Gibraltar is a major part of this criminal network. John Christenson, former Economic Advisor to Jersey, itself a major UK-run tax haven, noted that “the instruction from senior partners in London was to direct the really, really dodgy business away from Jersey to Gibraltar…[we] regarded Gibraltar as totally subprime. This was where you put the real monkey business.”

This was apparently confirmed in 2014, when OLAF, the European Anti-fraud office, revealed that it had “a number of concerns” over “cigarette smuggling across the border” between Gibraltar and Spain, including “indications of the involvement of organized crime.”

The following year, Spanish newspaper ABC reported that Gibraltar was home to no less than 15 organized crime gangs connected to drug smuggling, money laundering, and the Russian mafia. In 2008, Expatica.com reported that, according to Spain, “Gibraltar refuses to cooperate in investigations into money laundering, tax evasion and organized crime,” quoting a Spanish police official involved in anti-money laundering operations as saying that “we’ve reached a point where when we chance upon something related to Gibraltar in an investigation we prefer to leave it aside because we face a brick wall. It is useless trying to get information.”

———-

“British sovereignty over Gibraltar stems from the same treaty that gave Britain a monopoly on the slave trade and granted Brazil to Portugal. It, like all these abominations, belongs in the dustbin of history.”

uh huh..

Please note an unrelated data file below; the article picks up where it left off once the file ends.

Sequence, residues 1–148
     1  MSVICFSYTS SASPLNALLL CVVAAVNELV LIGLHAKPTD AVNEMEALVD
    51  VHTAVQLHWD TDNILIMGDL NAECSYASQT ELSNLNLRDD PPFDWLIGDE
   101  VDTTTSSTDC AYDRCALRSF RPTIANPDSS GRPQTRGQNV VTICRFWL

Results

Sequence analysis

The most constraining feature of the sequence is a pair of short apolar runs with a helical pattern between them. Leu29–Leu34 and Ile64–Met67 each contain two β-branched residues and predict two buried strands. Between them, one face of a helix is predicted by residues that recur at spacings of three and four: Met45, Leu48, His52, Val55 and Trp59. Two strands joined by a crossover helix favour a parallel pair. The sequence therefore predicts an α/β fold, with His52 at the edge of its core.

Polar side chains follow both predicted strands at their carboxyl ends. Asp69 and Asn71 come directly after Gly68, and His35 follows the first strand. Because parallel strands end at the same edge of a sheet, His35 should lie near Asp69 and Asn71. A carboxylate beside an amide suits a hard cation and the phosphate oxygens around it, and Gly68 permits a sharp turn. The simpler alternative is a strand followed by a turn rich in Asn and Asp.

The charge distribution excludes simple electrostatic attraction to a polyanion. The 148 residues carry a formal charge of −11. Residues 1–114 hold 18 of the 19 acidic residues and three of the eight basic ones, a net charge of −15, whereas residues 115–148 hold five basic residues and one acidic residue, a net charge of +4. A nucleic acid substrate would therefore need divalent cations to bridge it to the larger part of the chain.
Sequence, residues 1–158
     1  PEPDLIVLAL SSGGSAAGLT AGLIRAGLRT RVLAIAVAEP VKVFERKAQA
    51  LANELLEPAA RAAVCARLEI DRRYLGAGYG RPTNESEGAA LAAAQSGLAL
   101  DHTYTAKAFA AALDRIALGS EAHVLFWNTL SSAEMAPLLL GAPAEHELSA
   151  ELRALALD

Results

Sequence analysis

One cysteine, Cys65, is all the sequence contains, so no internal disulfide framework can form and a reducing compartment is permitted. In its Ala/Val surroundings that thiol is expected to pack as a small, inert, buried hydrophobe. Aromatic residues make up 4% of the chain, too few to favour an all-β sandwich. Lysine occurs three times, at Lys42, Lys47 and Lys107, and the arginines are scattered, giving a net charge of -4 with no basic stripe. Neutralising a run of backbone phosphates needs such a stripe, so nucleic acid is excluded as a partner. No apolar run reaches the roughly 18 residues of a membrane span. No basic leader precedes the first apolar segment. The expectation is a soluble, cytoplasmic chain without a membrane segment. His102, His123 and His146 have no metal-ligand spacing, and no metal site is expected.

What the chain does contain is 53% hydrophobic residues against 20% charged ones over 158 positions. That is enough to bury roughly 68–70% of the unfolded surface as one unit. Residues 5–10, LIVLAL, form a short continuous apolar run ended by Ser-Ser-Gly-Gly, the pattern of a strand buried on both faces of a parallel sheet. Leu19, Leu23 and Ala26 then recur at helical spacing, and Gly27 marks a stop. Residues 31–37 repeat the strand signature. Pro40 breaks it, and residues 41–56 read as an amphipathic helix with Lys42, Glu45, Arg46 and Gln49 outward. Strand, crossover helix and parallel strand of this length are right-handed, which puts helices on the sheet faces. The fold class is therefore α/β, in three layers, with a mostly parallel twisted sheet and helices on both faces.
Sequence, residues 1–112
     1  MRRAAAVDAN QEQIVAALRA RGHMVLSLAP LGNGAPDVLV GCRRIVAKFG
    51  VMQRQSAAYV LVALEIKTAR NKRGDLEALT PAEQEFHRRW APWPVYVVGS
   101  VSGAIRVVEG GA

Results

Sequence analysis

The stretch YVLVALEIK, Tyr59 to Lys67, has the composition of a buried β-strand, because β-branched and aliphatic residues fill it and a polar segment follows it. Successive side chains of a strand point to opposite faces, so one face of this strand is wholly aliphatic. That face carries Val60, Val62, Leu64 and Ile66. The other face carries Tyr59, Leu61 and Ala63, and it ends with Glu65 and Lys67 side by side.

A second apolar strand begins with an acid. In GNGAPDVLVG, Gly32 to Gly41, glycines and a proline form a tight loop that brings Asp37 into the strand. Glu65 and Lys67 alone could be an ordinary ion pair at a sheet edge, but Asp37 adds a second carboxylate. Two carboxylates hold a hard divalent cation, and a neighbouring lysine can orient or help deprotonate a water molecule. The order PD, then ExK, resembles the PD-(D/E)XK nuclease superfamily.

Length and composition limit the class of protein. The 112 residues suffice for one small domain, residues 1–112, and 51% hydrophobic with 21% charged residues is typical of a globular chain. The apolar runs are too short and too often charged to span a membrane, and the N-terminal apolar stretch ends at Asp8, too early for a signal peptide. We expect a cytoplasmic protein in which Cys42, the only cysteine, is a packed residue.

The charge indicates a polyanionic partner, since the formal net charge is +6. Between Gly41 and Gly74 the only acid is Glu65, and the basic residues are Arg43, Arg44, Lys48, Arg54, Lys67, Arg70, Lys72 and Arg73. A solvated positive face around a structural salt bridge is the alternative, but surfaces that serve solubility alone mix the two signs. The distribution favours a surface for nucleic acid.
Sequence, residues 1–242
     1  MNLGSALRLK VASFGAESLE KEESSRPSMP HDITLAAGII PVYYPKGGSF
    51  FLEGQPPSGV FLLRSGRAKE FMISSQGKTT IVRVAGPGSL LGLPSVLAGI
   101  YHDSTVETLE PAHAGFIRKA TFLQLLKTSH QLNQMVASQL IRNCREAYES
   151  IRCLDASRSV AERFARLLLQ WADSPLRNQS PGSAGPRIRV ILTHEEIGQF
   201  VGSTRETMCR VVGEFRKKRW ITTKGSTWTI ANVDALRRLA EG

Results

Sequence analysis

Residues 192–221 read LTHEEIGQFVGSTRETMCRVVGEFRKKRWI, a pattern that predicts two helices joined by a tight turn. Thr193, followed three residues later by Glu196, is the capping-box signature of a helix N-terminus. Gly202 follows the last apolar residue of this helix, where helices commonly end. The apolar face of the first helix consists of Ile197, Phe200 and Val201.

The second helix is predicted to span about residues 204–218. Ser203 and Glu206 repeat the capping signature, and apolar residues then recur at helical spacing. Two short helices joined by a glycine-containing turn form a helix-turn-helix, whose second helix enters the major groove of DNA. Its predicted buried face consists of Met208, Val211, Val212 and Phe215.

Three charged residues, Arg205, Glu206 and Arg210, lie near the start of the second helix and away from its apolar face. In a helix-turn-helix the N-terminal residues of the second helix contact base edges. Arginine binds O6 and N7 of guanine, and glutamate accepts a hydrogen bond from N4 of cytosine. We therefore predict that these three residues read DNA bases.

history revision below..

“the longest rulers of Gibraltar were neither Spanish nor British, but North African Muslims. The word ‘Gibraltar’ itself comes from the Arabic name for the Rock – Jabat-at-Tariq, meaning “mountain of Tariq.” Tariq led the Umayyad conquest of Gibraltar in 711, and it remained, along with the rest of Spain, under Moorish control until 1462. Then, after two and half centuries of Spanish rule, Britain took the territory in 1704, its troops conducting mass burglary and rape, causing over 90 percent of the inhabitants to flee. In 1713, Britain forced Spain to cede the territory to Britain “in perpetuity” in the Treaty of Utrecht, turning it into another piece of Britain’s growing colonial jigsaw.”

and whats its usefulness?

“John Christenson, former Economic Advisor to Jersey, itself a major UK-run tax haven, noted that “the instruction from senior partners in London was to direct the really, really dodgy business away from Jersey to Gibraltar…[we] regarded Gibraltar as totally subprime. This was where you put the real monkey business.”

401

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~ by seeker401 on April 20, 2017.

8 Responses to “Time to close down Gibraltar”

  1. INSIDE THE WORLD’S TOP OFFSHORE TAX SHELTER
    BY LEAH MCGRATH GOODMAN ON 1/16/14

    http://www.newsweek.com/2014/01/17/inside-worlds-top-offshore-tax-shelter-245078.html

    this was a good article about Jersey and the Oligarchs.

    “It is the strategic aim of the government of Jersey to diversify the island’s economy, but it is also important that we continue to evolve and adapt as a well-respected finance center,” Jersey Chief Minister Ian Gorst told Newsweek in an emailed statement. (The chief minister is Jersey’s de facto president.) “This is something we have been doing for the last 50 years, and I hope we will continue to do it for many years to come.”Exactly one decade ago, Jersey slashed corporate taxes from 20 percent to zero, except for finance, which pays 10 percent. The shortfall left a hole in the island’s budget large enough to drive a truck through, according to British author Nicholas Shaxson, who wrote Treasure Islands: Uncovering the Damage of Offshore Banking and Tax Havens (Palgrave MacMillan, 2012).